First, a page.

8. The method of claim 7, wherein the selected location includes a portion of the uncased section of the wellbore that has an enlarged inside dimension, the method further comprising expanding the longitudinal body of the patch to a dimension that is selected from a group consisting of (i) less than the enlarged inside dimension of the uncased section of the wellbore; (ii) substantially the same as the enlarged inside dimension of the uncased section of the wellbore and (iii) less than the dimension of the uncased section of the wellbore above or below the enlarged wellbore dimension.
9. The method of claim 7, further comprising: drilling the wellbore; and enlarging at least a portion of the drilled wellbore adjacent the selected location prior to engaging the anchor with the wellbore wall.
10. The method of claim 9 further comprising drilling the wellbore after placing the patch in the wellbore.
11. The method of claim 7, further comprising expanding the longitudinal body of the patch to a size that is greater than the internal dimension of the uncased section of the wellbore.
12. The method of claim 7, wherein and the enlarging of the anchor provides a fluid seal between a formation surrounding the patch and the wall of the wellbore.
13. The method of claim 7, wherein the anchor comprises one of (i) a tooth that bitingly engages the wall of the wellbore; (ii) a plurality of radially outwardly extending teeth that bitingly engage the wall of the wellbore; (iii) a composite material; (iv) a rubber sealing material; and (v) a memory material.
14. The method of claim 7, wherein engaging the anchor includes radially expanding the anchor with a retractable tool.
15. The method of claim 14, wherein the retractable tool is selected from a group consisting of (i) a hydraulically operated tool; (ii) a mechanically operated tool; (iii) a hydro-mechanical tool.
16. A method of patching an uncased section of a wellbore, comprising:
(a) positioning a radially expandable tubular at the uncased section of the wellbore, wherein the radially expandable tubular comprises:
a generally longitudinal body that is radially expandable from a first, reduced dimension to a second, enlarged dimension, the body having a deformable radially reduced channel;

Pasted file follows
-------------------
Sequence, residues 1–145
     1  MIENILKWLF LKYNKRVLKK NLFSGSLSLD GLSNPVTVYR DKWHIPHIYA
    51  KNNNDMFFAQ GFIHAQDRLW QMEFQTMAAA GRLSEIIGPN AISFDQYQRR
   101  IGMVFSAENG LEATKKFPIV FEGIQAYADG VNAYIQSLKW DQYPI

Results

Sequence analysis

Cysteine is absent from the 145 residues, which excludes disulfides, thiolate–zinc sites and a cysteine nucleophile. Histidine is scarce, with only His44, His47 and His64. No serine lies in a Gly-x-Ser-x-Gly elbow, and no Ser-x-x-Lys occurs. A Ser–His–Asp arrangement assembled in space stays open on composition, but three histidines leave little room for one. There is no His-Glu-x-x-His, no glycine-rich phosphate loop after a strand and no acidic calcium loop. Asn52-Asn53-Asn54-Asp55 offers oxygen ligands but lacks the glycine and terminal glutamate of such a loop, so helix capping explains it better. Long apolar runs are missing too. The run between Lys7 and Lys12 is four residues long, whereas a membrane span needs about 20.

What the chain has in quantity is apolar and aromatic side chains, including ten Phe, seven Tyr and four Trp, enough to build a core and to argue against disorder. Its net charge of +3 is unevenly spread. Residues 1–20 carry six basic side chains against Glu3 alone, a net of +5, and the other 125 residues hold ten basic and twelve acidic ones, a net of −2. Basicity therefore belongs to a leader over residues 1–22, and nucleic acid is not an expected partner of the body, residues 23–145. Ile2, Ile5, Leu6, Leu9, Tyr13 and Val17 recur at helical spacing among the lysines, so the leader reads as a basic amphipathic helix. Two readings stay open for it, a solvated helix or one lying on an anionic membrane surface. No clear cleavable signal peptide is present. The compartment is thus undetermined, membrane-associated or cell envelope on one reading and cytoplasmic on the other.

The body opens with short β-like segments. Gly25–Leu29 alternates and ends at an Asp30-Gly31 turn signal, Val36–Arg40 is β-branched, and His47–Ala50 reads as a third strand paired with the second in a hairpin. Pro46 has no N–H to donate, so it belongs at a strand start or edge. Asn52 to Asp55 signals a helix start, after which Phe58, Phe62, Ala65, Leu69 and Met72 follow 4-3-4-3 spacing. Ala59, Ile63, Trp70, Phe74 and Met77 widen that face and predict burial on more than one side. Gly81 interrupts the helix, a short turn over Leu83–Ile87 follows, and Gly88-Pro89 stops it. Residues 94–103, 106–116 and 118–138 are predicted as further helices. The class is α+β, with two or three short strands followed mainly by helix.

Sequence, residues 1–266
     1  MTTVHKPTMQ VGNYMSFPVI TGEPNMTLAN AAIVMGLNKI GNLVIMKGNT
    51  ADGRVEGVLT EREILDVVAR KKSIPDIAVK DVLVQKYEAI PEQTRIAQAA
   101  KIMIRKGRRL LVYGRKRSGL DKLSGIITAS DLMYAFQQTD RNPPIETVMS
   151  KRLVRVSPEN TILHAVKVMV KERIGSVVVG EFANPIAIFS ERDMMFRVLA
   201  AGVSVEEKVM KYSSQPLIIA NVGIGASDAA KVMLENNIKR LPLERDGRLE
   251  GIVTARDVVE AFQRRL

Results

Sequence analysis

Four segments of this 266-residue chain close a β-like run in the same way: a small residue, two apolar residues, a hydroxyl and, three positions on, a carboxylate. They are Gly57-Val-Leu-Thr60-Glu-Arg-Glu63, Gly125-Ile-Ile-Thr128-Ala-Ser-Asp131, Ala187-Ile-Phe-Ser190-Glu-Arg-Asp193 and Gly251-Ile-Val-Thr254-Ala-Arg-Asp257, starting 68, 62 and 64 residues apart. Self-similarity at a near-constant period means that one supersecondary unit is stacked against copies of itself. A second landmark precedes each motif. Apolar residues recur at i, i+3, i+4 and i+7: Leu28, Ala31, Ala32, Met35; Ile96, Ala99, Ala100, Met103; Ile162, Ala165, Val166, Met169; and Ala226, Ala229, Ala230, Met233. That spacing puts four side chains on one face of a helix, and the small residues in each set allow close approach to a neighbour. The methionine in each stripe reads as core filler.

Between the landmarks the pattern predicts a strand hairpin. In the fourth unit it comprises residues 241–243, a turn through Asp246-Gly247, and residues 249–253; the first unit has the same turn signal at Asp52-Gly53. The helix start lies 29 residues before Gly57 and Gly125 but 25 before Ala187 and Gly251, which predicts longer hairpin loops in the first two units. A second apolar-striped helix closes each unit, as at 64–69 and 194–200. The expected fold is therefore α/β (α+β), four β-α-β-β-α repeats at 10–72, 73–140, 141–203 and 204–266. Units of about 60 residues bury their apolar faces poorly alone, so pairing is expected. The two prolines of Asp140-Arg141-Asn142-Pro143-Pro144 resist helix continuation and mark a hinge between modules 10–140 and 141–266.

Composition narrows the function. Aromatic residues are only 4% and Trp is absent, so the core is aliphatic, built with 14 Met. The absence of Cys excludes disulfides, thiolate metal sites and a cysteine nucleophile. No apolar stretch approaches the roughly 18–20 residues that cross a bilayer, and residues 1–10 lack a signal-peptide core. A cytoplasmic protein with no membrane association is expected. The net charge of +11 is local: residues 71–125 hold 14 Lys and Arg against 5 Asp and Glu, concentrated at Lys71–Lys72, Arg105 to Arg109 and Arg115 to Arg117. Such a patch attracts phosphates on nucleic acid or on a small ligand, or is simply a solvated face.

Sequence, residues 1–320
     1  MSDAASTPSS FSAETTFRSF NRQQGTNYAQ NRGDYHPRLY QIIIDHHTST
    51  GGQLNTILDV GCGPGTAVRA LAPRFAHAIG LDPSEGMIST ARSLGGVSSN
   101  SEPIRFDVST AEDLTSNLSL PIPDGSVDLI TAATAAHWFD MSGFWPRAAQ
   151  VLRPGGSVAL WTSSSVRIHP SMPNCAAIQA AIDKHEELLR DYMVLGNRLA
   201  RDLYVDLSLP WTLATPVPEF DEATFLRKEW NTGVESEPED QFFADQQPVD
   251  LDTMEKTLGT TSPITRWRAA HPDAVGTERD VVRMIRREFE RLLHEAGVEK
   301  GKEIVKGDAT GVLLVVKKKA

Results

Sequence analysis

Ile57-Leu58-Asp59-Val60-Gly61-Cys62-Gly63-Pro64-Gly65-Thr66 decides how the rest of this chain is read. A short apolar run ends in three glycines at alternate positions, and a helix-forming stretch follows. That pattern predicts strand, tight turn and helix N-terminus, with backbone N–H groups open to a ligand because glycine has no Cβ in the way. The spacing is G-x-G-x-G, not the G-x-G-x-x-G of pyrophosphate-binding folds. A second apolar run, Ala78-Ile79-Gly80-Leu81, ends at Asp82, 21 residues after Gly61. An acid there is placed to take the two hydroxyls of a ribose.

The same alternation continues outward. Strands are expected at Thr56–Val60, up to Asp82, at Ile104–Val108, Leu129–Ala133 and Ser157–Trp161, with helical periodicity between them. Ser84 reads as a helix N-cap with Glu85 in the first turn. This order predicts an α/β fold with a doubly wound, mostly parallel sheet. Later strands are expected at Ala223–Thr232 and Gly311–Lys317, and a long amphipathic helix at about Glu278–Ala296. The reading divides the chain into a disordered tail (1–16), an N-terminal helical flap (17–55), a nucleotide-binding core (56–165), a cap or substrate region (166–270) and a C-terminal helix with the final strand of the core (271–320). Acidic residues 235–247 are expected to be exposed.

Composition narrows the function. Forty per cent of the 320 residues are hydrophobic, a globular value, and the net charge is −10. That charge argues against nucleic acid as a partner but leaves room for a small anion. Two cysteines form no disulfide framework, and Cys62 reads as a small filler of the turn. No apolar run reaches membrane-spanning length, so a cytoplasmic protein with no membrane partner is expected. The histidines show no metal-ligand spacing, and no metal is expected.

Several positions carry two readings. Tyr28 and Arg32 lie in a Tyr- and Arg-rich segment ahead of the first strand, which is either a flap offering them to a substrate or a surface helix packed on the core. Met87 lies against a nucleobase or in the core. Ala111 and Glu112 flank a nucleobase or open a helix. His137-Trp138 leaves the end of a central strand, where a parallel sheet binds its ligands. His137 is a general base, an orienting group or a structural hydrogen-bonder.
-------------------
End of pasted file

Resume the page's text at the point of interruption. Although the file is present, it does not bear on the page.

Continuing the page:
an anchor positioned in the radially reduced channel, the anchor being is radially expandable to bitingly engage a wall of the uncased section of the wellbore; and
a sealing member radially outward of and surrounding the anchor, the sealing member and anchor being configured to anchor and seal the body;
(b) anchoring the radially expandable tubular to a wall of the wellbore in the uncased section; and
(c) expanding the radially expandable tubular to have an internal diameter that is at least the same as a diameter of the uncased section of the wellbore.
17. The method of claim 16 further comprising sealing at least a portion of the uncased section of the wellbore from fluid communication from a formation intersected by the wellbore.
18. The method of claim 16 further comprising: drilling the wellbore, and under-reaming at least a portion of the uncased section of the wellbore.
19. The method of claim 16 further comprising positioning a production string in the wellbore after anchoring the radially expandable tubular at the uncased section of the wellbore.
20. The method of claim 16 further comprising drilling another section of the wellbore after anchoring the radially expandable tubular at the uncased section of the wellbore.
Description
CROSS-REFERENCE TO RELATED APPLICATIONS

This application claims priority from U.S. Provisional Application Ser. No. 60/590,596 filed on Jul. 23, 2004, which is incorporated herein by reference.

BACKGROUND OF THE INVENTION

1. Field of the Invention

This invention relates generally to devices and methods for securing a patch within a wellbore.